The speakers who came before us were advocates for presenting additional
facts that contradict aspects of evolutionary theory. Each time I hear their point of view,
I see how advocates move away from religious conclusions and do a much better
job of presenting science. That is progress: the discussion has moved from beliefs to facts. Facts can be verified or disproved facts. That is where the discussion should remain.

Without providing a respectul forum for citizens to dissent and present their views and engaging in dialogue, is there adequate means to move thinking beyond the pendulum just swinging back and forth and us staying stuck within our own set of ideas?

Regarding other Board Members' pov: I think we all agree that values, ethics, and philosophy are important discussions for our students to have. We support some "character-based" curriculum.

For me, it needs to be anchored into citizen building and developing healthy and meaningful relationships. Those, for me, are obvious. What is diffilcut is learning how to do those well.

I believe that learning how to and when to discuss values v. facts, science v. faith
takes time and practice for our students growing minds.

I can't speak for my colleagues on how they would specifically approach this.

There has been some talk about ethics and philosophy within science classes. I

What I took from parents and children presenters is that there are lack of protocols and opportunities for communicating well with teachers when differences or questions arise.

With all the confusion and change underway in our expectations of public schools and their proper role, that seems necessary.

As Americans, we have been giving enduring principles and structures to work through these differences in religion, political thought, and educational philosophies.

Allowing dissent and discussion on science curriculum was useful and proper.

Error: As Americans, we have been given

Dear Mr. Dennert:

This is a belated reply to your blog about the defective textbook "California Life Science" under consideration for adoption by the Ventura County Board of Education.

My objections focused solely on the numerous factual errors in just the first couple chapters of the book, and not on the evolution issue. See my website

California Education Code section 60200(c)(3) require that textbooks be "factually accurate", section 60045 requires school districts to provide "accurate" textbooks, and section 60045 requires school districts to reject textbooks with commercial logos etc. (as "California Life Science" is filled with.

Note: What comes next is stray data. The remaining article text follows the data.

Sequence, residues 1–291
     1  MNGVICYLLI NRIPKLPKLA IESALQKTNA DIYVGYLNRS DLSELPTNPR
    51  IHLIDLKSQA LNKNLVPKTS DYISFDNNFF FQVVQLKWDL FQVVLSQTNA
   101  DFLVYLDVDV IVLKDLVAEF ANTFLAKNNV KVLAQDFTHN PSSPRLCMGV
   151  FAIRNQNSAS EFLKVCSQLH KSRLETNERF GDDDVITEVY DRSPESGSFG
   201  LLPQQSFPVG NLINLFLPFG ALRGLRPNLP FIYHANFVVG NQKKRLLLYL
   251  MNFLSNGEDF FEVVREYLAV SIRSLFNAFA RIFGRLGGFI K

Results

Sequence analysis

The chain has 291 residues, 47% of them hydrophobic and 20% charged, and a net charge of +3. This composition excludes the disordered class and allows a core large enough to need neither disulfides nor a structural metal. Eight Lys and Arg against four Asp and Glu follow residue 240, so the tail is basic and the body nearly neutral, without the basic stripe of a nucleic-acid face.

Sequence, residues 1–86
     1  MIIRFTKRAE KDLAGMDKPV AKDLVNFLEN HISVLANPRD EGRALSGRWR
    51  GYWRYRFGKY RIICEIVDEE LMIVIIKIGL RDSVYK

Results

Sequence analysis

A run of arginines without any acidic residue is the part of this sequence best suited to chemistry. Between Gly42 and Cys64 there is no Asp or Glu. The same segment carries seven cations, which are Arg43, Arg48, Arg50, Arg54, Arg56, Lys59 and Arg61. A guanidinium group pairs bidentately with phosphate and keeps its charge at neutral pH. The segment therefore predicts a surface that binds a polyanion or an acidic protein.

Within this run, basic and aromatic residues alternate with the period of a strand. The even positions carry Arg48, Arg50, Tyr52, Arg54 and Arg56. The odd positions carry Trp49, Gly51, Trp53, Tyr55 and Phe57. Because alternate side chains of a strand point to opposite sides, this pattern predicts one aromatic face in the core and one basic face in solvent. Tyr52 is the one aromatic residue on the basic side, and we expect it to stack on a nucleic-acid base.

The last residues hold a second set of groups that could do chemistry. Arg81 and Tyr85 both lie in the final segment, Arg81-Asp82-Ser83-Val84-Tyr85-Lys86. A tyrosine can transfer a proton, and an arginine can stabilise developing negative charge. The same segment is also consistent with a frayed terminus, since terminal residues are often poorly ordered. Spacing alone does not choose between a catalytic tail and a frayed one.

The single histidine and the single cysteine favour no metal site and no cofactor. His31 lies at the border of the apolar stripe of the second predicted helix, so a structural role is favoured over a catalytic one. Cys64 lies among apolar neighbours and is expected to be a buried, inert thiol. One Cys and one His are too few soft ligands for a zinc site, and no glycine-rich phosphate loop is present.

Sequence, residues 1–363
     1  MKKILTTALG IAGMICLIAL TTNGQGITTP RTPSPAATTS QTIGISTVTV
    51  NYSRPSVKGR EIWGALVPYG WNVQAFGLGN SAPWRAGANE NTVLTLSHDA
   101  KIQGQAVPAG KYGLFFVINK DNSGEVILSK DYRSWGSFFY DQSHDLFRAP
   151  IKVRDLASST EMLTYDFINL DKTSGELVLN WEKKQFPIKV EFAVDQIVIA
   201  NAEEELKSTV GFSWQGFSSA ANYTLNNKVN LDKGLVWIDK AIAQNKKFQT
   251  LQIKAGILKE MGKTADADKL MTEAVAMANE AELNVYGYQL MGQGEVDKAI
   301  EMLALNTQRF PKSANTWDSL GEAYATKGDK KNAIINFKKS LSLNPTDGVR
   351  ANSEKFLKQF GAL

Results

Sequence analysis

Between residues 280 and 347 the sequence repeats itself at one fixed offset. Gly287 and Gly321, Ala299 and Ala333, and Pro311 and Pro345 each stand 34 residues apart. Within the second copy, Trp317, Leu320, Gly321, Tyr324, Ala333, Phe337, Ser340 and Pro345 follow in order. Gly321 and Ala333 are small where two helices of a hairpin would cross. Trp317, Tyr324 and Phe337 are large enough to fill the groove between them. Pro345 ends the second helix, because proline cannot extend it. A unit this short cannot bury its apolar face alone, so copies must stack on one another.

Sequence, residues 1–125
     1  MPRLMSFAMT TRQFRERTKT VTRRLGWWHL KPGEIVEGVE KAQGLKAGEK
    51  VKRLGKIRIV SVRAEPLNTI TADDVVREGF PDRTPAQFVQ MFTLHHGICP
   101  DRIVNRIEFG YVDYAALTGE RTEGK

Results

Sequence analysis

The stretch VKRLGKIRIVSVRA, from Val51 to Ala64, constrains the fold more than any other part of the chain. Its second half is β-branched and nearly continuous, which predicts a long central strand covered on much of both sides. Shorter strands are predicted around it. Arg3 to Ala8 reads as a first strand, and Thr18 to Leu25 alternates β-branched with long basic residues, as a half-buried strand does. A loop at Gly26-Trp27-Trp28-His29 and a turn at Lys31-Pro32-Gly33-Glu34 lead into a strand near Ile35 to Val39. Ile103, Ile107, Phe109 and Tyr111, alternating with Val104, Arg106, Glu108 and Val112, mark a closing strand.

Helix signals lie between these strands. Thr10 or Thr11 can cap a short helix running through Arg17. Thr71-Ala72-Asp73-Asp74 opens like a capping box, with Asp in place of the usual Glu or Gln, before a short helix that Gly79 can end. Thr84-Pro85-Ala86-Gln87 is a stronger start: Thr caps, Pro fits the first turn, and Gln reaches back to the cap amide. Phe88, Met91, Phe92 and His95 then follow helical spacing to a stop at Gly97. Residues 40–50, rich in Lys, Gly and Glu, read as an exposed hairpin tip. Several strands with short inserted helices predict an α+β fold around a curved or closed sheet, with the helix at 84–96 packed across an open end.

I appeared at the July BOE meeting on the textbook issue because it was on the agenda for a couple of months. The proposed textbook was available for review at the BOE HQ. I took the time to review the first few chapters and found numerous factual errors, which I presented to the Board.

You may be interested that the state Board of Education has no regulations which involve factual accuracy in textbooks and no job descriptions that involve ensuring factual accuracy. This is truly a tragic and anti-intellectual attitude by the state.

We urge that textbook publishers offer warranties on accuracy, so that factual errors can be fixed ASAP for current books in use.

Right now, California students are being dis-educated in the millions of incidents every year. It is certainly part of the low test scores that we have had to put up with from public schools.

You may note also that the Simi Valley Unified School District has finally agreed to have a program to identify factual errors and confront publishers with their defects. All school districts in Ventura County (and, of course, the country) should have such a program. The California School Boards Association should help out the local districts in coordinating this program statewide.

Your thoughts are very welcome. See plenty more details on our website

Carl Olson
Textbook Trust

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  • Carl Olson: Dear Mr. Dennert: This is a belated reply to your read more
  • ML Peterson: Error: As Americans, we have been given read more
  • ML Peterson: Brian, I think there are many who think this may read more
  • Brian: ML, Being that the county board has no choice either read more
  • ML Peterson: Obvious, Have you been reading the Star? Court cases that read more
  • Obvious: I don't know who disagrees with your statement ML Peterson. read more
  • ML Peterson: Billy Goat Gruff, No. Points were meant to open up read more
  • Billy Goat gruff: Is the county really thinking of creating new courses for read more
  • Recall Ron Matthews: Attack Parrot still believes that the earth is flat and read more
  • ML Peterson: Brian - We have relatively very few. Our Board President read more